5 Questions: Michelle Buteau

On how she got into comedy:

I was editing for the news and I had coworkers who were like, 'You're so funny, you should do comedy!' I was like 'Comedians? They sound terrible, they always complain about how broke and high they are. I'm happy! I don't understand.' And then I did it and was like, 'Oh shit! This is wonderful, this is super-fun! Who needs therapy when people are just laughing through your pain?'

On honing her style and finding her audience:

I feel like I'm still doing it! I guess it's sort of like spaghetti: you throw subjects out there and see how people kind of behave, then obviously people will as you to do their shows, and you're like, 'Okay, I guess you guys are my demographic.'

You just never know, though. I get flown all over the country to just perform for really rich people in Wyoming—it’s like, ‘Oh, you gotta fly in the diversity because you don’t have it here.’ Then I’ll do like, a gay room in Idaho, but I’m not gay, you just need some love. I get it.

It’s weird—I guess I’m still learning, and at the end of it, people are just people. They want to laugh and forget their problems. It’s the same as paying so much money for cable: please just entertain me and let me forget about my problems.

On adapting to different roles and styles of comedy:

It's so funny, any time I get a job that's not straight-up standup, I ask, 'What do y'all need? What do you want me to do?' and 90 percent of the time, they say, 'Just be you!' That's the only thing I know how to do right now. I mean, I think it's always important to be thoughtful about what you say and the work you're going to do, even if it's for another character. I think, really, you have to be responsible with your words, and I also think about not overthinking it. I think a lot of people try to get things right all the time, and it's about doing it and having fun.

On her Eric Andre Show appearance:

There's no words to describe when your friend Eric Andre is like, 'Come do this bit with me,' because I've known him for a while, and his sketches are his own thing, over-the-top, crazy, weird, wild. And the first time I showed up to do his show, I thought we'd have some rehearsal...they just rented a restaurant and were like, 'Girl, please!' And we just went in willy-nilly, one-take sally—'Do your thing, we'll get all these reactions,' and it's like, 'This is insane!'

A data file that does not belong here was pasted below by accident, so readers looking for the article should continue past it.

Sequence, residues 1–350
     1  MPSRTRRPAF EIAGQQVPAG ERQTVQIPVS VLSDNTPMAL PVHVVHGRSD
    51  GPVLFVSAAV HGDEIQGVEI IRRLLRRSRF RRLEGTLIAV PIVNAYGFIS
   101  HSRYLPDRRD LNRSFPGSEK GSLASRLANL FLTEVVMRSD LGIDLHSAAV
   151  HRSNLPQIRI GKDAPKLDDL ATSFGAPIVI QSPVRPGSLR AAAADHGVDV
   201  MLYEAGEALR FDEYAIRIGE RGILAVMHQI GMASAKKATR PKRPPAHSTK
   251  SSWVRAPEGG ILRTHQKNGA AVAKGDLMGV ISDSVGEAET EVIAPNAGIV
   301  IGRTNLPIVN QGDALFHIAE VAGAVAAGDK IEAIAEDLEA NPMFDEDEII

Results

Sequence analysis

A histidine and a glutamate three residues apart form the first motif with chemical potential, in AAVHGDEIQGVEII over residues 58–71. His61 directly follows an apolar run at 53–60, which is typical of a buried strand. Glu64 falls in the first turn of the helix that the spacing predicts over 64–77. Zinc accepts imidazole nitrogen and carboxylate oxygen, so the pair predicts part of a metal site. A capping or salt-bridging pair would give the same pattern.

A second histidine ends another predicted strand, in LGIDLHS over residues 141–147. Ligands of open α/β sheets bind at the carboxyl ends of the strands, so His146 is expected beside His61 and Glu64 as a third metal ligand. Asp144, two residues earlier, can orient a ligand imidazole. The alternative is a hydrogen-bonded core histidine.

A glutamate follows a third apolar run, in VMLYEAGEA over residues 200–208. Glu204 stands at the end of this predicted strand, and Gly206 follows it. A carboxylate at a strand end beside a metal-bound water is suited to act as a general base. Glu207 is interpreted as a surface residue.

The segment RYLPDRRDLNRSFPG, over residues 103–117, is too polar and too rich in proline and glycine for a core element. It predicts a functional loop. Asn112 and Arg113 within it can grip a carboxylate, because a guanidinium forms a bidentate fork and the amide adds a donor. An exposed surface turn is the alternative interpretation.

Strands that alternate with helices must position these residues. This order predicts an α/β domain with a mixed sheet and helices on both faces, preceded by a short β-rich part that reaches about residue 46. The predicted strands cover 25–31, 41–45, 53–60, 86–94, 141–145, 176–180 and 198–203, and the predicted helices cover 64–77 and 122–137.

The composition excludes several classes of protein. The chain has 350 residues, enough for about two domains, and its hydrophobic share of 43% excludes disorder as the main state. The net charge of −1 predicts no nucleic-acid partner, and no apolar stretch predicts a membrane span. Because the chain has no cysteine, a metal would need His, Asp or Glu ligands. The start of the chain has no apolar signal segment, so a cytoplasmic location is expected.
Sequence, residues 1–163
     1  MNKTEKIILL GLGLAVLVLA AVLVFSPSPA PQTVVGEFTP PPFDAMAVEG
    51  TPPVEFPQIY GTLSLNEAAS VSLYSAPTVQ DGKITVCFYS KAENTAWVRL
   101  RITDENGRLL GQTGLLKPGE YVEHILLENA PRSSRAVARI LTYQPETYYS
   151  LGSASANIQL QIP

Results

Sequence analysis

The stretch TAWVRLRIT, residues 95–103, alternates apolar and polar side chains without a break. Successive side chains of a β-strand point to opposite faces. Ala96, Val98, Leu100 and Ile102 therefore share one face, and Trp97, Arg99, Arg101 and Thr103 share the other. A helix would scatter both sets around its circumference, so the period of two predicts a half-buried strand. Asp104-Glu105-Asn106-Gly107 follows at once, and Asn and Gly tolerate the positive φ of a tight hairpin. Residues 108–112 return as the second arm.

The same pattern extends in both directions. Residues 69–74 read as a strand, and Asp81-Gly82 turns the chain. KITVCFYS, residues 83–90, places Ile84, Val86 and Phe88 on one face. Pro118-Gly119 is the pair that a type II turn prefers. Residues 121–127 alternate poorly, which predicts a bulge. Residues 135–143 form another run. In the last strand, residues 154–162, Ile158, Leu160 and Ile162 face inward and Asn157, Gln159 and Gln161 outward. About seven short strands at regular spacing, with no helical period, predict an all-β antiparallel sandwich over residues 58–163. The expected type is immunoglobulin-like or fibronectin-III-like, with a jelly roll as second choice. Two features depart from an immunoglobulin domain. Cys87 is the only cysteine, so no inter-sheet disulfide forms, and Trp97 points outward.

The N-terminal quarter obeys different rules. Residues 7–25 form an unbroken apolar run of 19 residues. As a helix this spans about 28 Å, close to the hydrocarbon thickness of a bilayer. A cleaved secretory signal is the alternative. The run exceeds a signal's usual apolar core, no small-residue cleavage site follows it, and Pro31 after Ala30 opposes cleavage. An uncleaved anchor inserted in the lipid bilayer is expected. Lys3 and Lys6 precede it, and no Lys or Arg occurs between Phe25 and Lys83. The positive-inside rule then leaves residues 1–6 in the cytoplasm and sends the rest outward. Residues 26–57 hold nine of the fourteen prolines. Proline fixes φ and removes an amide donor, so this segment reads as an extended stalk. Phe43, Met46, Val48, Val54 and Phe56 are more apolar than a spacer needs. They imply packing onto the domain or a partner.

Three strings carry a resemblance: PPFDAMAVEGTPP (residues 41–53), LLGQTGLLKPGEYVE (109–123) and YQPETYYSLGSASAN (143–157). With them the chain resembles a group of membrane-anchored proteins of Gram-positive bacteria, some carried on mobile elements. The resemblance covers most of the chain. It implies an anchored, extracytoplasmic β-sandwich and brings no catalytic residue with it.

I don’t know how that boy goes out and does all that stuff. I’d need a nap, a hug, and a Gatorade!

What she's looking forward to in 2017:

I'm looking forward to helping the country not be as divided. I'm looking forward to figuring out a way to deal with internet trolls, and I'm working on a new album, but I'm still sharing my album Shut Up on Comedy Central Records. I got LPs made, so it's nice to have a hard copy. I feel like my next album, I'll just start selling CHS tapes and go full vintage!


About The Author

Anna Chandler

Connect Savannah Former Arts & Entertainment Editor Anna Chandler started writing about music after growing hoarse from talking about it nonstop. Born in Tennessee and raised in South Carolina, she has been a proud Savannahian for 8 years. She sings & plays guitar & accordion in COEDS and Lovely Locks.
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